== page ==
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The Planning Board approved a bed and breakfast for the Beaver Mill.

North Adams' Historic Beaver Mill Approved for B&B

By Tammy DanielsiBerkshires Staff
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NORTH ADAMS, Mass. — Local developer and artist Eric Rudd is making plans for the future of the Beaver Mill by transforming part of it into a bed and breakfast. 
The Planning Board on Monday approved the change of use for the historic mill and also gave the OK for Rudd to operate an electric bicycle rental business as well. 
Rudd said he and his wife, Barbara, are looking long term for how for the massive structure, one of the oldest mills in the city, can continue to function. It's 130,000 square feet has been a home to them and a studio and exhibit space for Rudd's work, as well as a mixed use commercial space and host for artist residencies. 
"When we moved here full time and fixed up the mill was 30 years ago, everything we did has worked out quite well but the next 30 years is well beyond our lifespan," he said. "The long-term view, when Barbara and I are deceased, is that our loft, which is 8,000 square feet, would have up to six bedrooms, 6 1/2 bathrooms. And we wanted the B&B to preserve the loft and make use of various venues within the Beaver Mill."
Rudd said he wanted approval from the city before making any investments in upgrades. The loft is quite comfortable but it does need "to be decorated and refreshed," he said.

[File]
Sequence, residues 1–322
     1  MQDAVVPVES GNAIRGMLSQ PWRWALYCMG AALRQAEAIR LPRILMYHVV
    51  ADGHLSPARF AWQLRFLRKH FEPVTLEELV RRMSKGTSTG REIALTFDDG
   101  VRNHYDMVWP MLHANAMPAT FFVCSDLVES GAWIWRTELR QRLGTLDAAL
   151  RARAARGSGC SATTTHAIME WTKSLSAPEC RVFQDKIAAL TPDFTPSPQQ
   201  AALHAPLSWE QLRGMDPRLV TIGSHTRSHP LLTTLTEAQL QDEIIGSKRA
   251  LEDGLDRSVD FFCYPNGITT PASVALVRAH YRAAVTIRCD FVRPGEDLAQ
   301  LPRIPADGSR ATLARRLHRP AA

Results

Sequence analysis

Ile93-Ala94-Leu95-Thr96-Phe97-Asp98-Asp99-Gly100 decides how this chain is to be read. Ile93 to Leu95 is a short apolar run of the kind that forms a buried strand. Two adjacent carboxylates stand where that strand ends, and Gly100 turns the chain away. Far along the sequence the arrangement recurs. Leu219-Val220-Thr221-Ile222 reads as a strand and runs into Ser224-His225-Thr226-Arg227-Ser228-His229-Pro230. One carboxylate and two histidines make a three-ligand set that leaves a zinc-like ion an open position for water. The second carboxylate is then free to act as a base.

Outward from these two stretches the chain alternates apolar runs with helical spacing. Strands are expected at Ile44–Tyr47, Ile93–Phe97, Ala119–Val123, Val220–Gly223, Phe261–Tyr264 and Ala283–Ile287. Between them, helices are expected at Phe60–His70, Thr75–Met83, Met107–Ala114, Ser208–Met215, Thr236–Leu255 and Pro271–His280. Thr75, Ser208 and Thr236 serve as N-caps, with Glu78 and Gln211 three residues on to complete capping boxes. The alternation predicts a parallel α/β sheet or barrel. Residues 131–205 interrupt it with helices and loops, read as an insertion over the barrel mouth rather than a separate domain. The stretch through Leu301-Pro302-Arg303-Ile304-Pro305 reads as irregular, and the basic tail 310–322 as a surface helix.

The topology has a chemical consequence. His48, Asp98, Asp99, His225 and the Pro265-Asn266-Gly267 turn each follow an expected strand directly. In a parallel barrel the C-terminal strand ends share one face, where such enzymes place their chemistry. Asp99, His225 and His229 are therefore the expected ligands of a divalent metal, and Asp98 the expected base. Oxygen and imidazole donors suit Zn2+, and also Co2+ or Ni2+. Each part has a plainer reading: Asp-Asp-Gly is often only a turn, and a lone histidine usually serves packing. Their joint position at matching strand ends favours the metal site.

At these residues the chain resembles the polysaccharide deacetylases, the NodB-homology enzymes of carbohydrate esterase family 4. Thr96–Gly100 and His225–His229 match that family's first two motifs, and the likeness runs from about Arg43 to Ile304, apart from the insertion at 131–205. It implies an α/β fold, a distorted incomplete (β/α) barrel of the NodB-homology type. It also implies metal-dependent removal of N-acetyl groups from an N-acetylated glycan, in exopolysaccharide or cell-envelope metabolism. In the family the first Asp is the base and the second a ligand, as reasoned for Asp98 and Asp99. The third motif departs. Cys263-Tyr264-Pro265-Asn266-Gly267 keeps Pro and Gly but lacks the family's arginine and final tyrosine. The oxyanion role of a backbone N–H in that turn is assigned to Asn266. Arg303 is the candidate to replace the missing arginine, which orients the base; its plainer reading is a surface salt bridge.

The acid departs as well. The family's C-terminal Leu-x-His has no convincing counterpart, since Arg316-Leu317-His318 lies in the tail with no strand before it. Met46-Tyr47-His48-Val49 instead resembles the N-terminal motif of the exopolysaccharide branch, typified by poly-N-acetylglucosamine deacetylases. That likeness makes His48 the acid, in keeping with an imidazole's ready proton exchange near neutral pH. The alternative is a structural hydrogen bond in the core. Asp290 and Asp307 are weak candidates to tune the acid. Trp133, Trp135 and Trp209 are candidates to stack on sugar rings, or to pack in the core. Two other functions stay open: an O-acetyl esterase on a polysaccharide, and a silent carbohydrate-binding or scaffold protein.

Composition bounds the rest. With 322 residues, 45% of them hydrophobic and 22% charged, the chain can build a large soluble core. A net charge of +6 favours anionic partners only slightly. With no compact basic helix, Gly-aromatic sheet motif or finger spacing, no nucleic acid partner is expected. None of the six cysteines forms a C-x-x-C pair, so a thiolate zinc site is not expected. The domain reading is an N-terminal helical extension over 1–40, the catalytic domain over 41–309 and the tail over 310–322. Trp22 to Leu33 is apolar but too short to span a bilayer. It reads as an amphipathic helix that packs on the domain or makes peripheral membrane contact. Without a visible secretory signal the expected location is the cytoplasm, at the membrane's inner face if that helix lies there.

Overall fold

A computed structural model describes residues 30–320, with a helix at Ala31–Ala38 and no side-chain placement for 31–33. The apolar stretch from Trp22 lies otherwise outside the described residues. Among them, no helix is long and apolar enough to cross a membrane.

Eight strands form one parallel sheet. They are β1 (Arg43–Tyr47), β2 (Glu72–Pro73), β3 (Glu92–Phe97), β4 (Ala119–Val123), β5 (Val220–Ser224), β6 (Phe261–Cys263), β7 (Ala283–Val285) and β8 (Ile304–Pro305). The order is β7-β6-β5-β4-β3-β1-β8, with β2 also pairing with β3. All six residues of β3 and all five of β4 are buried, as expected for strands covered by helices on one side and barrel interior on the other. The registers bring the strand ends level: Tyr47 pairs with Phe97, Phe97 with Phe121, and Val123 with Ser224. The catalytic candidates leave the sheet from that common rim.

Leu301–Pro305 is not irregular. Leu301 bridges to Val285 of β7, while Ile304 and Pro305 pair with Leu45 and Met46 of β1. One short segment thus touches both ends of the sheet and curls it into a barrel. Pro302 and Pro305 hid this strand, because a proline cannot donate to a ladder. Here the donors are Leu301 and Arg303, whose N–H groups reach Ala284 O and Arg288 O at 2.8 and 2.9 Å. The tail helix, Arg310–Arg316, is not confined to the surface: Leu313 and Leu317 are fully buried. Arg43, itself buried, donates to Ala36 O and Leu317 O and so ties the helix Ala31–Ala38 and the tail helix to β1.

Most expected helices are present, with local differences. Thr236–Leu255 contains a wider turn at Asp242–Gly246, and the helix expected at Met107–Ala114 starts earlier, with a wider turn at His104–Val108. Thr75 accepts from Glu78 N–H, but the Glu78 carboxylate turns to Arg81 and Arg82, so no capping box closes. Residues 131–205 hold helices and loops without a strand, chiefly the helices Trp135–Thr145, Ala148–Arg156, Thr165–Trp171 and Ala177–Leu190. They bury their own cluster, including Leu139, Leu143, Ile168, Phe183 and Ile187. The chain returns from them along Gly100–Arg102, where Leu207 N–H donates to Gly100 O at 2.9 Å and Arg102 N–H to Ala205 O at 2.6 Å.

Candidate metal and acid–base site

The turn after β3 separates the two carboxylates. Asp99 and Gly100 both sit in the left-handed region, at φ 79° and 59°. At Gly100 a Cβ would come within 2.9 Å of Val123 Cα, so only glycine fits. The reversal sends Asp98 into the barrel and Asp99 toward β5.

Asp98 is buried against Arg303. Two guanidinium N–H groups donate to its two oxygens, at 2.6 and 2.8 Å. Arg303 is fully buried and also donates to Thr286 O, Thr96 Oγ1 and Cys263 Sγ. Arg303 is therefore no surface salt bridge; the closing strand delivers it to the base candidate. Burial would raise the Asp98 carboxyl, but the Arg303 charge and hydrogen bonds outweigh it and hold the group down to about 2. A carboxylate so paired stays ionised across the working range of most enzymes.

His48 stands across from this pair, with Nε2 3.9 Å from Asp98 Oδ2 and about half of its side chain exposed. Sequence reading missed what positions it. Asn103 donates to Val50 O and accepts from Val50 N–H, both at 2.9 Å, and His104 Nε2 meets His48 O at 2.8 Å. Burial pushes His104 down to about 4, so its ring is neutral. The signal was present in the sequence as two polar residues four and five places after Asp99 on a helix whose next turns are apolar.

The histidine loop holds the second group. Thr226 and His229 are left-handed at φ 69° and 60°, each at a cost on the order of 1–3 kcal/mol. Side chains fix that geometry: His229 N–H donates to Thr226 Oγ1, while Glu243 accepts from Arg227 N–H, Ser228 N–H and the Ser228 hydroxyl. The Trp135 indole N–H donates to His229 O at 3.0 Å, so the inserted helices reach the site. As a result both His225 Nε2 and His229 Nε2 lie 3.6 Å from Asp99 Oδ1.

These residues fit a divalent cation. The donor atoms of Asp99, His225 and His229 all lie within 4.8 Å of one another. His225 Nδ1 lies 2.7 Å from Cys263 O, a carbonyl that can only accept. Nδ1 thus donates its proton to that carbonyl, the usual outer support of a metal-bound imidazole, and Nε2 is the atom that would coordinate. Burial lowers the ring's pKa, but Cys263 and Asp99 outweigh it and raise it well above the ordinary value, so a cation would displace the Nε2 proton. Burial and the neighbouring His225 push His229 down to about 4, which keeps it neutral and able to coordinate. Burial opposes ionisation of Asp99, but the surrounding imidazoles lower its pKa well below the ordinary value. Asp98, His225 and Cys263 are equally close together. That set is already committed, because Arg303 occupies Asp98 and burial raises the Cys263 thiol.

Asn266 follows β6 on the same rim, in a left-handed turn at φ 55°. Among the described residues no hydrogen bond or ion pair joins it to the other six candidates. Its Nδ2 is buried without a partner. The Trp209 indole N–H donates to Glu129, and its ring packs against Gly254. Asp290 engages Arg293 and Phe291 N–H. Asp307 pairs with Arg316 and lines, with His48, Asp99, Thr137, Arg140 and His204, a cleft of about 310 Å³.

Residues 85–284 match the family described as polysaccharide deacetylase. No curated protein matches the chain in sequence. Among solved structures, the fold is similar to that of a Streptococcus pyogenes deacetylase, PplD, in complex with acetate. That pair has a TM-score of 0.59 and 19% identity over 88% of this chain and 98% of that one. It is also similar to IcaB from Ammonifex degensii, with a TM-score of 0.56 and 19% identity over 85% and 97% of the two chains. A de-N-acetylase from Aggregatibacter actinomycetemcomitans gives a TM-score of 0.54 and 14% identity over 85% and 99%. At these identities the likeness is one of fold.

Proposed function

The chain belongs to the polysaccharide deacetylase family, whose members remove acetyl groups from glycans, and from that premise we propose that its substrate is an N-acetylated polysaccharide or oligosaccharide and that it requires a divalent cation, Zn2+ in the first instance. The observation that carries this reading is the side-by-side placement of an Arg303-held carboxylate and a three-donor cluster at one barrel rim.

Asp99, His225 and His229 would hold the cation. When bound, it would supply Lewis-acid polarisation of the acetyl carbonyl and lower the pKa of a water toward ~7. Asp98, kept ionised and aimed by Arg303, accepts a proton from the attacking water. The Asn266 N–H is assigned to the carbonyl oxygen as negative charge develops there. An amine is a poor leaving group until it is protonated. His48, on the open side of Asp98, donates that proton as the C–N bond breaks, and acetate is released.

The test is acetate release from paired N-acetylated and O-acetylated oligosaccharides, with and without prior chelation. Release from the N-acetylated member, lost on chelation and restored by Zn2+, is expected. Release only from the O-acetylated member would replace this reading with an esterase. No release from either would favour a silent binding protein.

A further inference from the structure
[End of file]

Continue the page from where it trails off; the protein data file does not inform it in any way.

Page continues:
The Rudds are also looking to upgrade the space on the second floor that has been used on and off for artist residencies. Hill Engineers has been contracted to develop plans for installing private bathrooms in the rooms.
 "This part of the greater overall picture of the Beaver Mill, trying to maintain and make use of artist residencies, artist studios and my work in my studio is a big chunk of the mill," he said. 
 The application was made by Cire Corp. of Massachusetts (Rudd's business arm) operating as Beaver Mill Loft B&B and in partnership with the nonprofit Barbara and Eric Rudd Art Foundation, which also runs the Berkshire Art Museum. 
 Rudd said the foundation board also includes his two sons, an accountant and an attorney.
 "I've been doing a lot of documentation about what's going to happen and we have set up in that direction," he said, noting he wrote a book on art studio development. "Obviously in today's age of coronavirus, you start thinking about the end game. And it could happen sooner than you expect. So, this is part of the game plan."
The transformation won't happen overnight but rather over some time. Rudd said he's setting up the infrastructure now because if he waits 10 years, it won't happen.